I would also argue for energy trusts as a special case. Trusts have facilitated much greater Canadian ownership of our own energy resources than would otherwise have been the case, and taxing them in this way threatens that ownership and the revenue stream which enriches Canadians as a result. I find it ironic that I am accused (in an earlier comment) of advancing an American imperialist agenda, when I am concerned about protecting, and making best use of, Canadian assets for Canadians. The last thing I want to see is for the Canadian energy sector to be raped in a series of private equity strip'n'flips, but that is exactly what this legislation could end up achieving.

By the way, I should point out that I am not personally affected financially, either directly or indirectly, by the Canadian government's decision to end the tax advantages for income trusts and therefore have no axe to grind. My interest in this matter is intellectual.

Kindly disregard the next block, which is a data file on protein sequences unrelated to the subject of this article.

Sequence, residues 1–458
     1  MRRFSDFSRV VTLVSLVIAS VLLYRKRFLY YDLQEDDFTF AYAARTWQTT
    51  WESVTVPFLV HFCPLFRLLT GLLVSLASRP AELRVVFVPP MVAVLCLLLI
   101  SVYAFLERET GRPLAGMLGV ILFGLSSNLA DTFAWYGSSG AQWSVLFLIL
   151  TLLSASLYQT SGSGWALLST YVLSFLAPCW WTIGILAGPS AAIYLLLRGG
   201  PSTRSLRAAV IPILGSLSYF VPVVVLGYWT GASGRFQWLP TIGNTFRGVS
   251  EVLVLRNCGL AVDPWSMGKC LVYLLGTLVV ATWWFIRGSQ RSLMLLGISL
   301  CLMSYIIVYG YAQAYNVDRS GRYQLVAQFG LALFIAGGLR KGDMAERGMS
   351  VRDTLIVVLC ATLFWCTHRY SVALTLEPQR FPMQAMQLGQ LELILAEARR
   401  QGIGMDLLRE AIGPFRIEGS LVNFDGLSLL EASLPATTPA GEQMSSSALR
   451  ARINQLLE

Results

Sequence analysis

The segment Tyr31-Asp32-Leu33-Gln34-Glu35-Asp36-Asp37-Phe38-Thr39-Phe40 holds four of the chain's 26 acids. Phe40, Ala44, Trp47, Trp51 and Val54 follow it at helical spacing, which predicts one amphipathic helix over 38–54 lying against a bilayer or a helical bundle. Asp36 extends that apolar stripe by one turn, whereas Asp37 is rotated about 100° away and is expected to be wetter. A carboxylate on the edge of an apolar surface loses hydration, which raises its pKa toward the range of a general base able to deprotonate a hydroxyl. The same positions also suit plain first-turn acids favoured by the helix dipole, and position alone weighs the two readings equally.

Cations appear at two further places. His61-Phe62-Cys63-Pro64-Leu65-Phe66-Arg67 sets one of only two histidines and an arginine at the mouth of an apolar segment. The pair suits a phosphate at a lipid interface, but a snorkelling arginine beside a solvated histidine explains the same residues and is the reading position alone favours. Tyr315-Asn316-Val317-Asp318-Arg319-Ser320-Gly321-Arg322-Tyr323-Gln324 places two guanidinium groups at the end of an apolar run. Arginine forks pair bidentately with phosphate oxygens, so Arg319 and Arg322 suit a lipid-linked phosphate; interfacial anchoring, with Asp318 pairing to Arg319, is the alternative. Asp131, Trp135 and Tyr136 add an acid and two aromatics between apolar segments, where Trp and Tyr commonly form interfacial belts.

can we give the um   ....... canadians credit   they are at least taking a stab at fiscal responsibility     a concept  completely foreign to our brilliant leaders in the u s of a    and i have stated in other forums     bush's fiscal irresponsibility is the physical equivalent of anal sex without a condom   and the american public is the penatratee
Who was abusing anything?  Look at the chart linked above.  It shows where the big problem was: business trust conversions.  Oil and gas trusts were just doing what they were set up to do.  Business trusts were an abuse of the system, but oil and gas trusts were not.  
Great review.

Canada last changed its tax rules on energy trusts allowing more US investment as recently as mid 2005.  Here we are a little over a year later, and the rules have changed again.  Something investors might possibly expect in Russia or South America - but not from Canada.